Innovation needs protection to thrive

As modern British innovators go, it is fair to say that Trevor Baylis CBE perhaps exemplified a certain archetype. With his invention of the wind-up radio, he perfectly represented the independent, self-motivating – perhaps idiosyncratic – inventor and rose to deserved fame as a result.

However, his recent death has also thrown into focus one of the most pressing issues facing those who innovate: the need to protect their inventions. The sad fact is that, to the end of his life, Mr Baylis struggled with imitators, even going so far as to suggest that patent infringement be made an imprisonable offence. Certainly, he never saw the rewards that many felt his inspiration merited.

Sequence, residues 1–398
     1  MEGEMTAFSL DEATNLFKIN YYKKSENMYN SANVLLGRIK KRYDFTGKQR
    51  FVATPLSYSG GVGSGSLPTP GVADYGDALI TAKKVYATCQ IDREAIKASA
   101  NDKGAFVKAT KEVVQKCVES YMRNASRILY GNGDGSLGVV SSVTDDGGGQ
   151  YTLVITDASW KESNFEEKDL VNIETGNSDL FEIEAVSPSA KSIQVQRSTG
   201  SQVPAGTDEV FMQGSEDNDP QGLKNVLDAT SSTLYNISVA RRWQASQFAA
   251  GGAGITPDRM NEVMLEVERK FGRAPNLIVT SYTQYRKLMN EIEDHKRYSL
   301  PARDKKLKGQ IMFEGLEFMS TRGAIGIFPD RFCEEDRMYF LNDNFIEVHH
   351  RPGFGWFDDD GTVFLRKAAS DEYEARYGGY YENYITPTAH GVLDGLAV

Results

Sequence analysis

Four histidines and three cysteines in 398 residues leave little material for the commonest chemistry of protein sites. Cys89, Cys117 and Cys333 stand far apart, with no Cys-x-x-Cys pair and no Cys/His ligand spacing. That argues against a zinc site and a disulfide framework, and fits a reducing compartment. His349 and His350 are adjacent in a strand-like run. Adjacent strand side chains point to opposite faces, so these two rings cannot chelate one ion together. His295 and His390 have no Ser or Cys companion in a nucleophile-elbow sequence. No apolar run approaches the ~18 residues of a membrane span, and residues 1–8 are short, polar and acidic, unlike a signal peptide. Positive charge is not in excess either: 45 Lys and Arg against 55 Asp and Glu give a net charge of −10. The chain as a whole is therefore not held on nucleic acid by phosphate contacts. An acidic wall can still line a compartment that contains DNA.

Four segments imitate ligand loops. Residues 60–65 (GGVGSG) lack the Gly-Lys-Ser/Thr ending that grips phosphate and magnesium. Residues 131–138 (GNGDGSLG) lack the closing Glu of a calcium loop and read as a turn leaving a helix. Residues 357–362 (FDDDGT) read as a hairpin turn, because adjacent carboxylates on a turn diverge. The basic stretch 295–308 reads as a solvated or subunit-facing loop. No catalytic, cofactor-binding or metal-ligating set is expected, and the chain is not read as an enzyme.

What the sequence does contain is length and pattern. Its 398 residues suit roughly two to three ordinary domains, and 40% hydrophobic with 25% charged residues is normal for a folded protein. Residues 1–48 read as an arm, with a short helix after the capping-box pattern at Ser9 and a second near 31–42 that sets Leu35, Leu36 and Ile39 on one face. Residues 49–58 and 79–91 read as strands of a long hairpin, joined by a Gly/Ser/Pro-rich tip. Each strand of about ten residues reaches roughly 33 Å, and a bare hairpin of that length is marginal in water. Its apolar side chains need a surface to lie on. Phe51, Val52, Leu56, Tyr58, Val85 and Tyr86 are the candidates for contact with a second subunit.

The problem, of course, is that protection of intellectual property (IP) remains to a large extent a rich man’s game. The sheer amount of money required to protect an invention is effectively prohibitive as far as the lone inventor with no corporate backing is concerned. The result is that IP cases can have an unfortunate tendency to go not to those with the best claim, but to those with the deepest pockets.

As well as celebrating his inventions, then, it is perhaps also fitting to regard as part of Mr Baylis’ legacy a salutary reminder of the difficulties that face innovators in trying to protect and capitalise on their ideas.

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